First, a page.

No, Brazil and Argentina aren’t planning a South American version of the euro. Here’s what’s going on.

Talk of a “common currency” to be shared by Brazil and Argentina sparked confusion — and strong reactions — over the weekend.

The stir was created after a joint guest column by Brazilian President Lula Inacio da Silva and Argentine President Alberto Fernandez was published in Argentina’s Perfil newspaper on Saturday, ahead of the Brazilian leader’s Sunday arrival in Buenos Aires. In the column, the pair said they “decided to advance discussions on a common South American currency that can be used for both financial and commercial flows, reducing operational costs and our external vulnerability.”

The column, and remarks by Argentina’s economy minister to the Financial Times, sparked speculation of a move toward a full-scale currency union, comparable to the euro, the currency shared by 20 European nations.

See: Proposed Brazil-Argentina common currency is met with doubts from experts

The actual proposal is far more modest, observers said, but could go a long way to alleviating trade-related pains in the region.

So what is on the table?

Brazilian Finance Ministher Fernando Haddad told reporters that initial discussions focused on how to aid Argentina in buying Brazilian exports without drawing down its meager dollar reserves, Reuters reported, rather than creating a shared currency that would circulate in both countries.

So rather than a shared currency comparable to the euro, what is being discussed is the creation of a unit of account that would help facilitate trade, said Monica de Bolle, a senior fellow at the Peterson Institute for International Economics, in a phone interview.

Trade between Brazil and Argentina is largely denominated in U.S. dollars. The problem is that Argentina doesn’t have much in the way of dollar reserves, so it has put in place a number of capital constraints, which has had a big impact on Brazilian exporters, de Bolle explained.

The best comparison would be special drawing rights, or SDRs, the supplementary foreign-exchange reserve assets created and maintained by the International Monetary Fund, she said. The value of an SDR is based on a basket of international currencies.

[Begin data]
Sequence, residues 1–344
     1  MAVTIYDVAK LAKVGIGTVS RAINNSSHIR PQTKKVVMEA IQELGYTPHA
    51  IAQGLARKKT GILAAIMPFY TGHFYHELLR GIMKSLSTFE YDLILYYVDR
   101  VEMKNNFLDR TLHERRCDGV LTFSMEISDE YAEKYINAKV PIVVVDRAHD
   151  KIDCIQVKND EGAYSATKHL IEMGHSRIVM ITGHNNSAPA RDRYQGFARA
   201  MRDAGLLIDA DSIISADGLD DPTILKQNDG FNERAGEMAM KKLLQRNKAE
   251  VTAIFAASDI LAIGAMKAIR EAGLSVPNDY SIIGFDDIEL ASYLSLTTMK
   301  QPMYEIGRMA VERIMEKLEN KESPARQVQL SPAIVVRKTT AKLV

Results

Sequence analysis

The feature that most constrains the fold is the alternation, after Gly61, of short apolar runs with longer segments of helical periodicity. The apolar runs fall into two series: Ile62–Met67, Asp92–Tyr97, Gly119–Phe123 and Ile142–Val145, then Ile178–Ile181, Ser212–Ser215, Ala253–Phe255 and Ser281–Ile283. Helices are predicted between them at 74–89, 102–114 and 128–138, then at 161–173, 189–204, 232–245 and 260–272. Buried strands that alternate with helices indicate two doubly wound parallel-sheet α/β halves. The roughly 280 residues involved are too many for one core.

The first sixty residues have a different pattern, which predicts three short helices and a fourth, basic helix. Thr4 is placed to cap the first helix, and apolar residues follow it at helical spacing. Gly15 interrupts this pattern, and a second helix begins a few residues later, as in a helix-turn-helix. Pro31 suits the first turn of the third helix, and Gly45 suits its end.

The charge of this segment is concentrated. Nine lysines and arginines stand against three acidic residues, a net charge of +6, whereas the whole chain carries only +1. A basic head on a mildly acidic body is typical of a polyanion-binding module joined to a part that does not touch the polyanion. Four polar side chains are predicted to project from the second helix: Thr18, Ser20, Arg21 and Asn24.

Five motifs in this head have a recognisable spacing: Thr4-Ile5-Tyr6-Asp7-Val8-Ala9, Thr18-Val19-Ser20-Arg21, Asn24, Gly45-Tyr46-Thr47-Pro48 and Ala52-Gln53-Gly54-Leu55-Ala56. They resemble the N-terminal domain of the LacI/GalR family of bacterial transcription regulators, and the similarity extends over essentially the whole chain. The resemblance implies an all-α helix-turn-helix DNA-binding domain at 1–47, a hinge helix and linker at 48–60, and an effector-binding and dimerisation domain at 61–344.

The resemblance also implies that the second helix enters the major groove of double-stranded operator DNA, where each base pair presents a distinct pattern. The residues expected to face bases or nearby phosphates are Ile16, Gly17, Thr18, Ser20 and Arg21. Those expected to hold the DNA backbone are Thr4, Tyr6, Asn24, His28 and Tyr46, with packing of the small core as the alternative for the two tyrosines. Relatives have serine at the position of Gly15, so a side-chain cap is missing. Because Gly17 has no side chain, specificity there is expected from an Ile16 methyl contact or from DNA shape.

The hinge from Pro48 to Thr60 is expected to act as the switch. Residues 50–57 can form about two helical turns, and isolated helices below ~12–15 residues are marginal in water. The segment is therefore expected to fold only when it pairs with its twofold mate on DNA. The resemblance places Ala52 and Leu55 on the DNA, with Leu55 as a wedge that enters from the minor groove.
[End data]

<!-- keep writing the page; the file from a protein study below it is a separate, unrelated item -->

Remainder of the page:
The value of any unit of account created by Brazil and Argentina could similarly be based on a basket of currencies, potentially including the Argentine peso
Brazilian real
and the U.S. dollar
though that is one of many issues that would need to be worked out.

“This is a long-term effort…I would say they have at least a year’s worth of work on this, assuming they can keep the focus,” de Bolle said.

While the prospective tie-up is far less ambitious than a euro-style currency union, skeptics still argued it would be a bad idea for both countries.

While politicians argue it would allow users to trade more freely in their currency, “bilateral trade between Brazil and Argentina is becoming less and less relevant, with trade between the two countries accounting for just 6% of their GDP,” said Marcos Casarin, chief Latam economist at Oxford Economics, in a Monday note.

Casarin questioned why individual exporters would accept the unit as an alternative means of payment.

“Even for Argentina, the weaker link between the two, we struggle to see why exporters — who currently benefit from the dollar’s stability to store the value of their profits — would accept trading in a currency tied to the Argentinian peso or the Brazilian real which cannot be used to pay for the vast majority of their imports which are sourced from outside the Mercosur” trade bloc, made up of Brazil, Argentina, Uruguay and Paraguay, the economist wrote.

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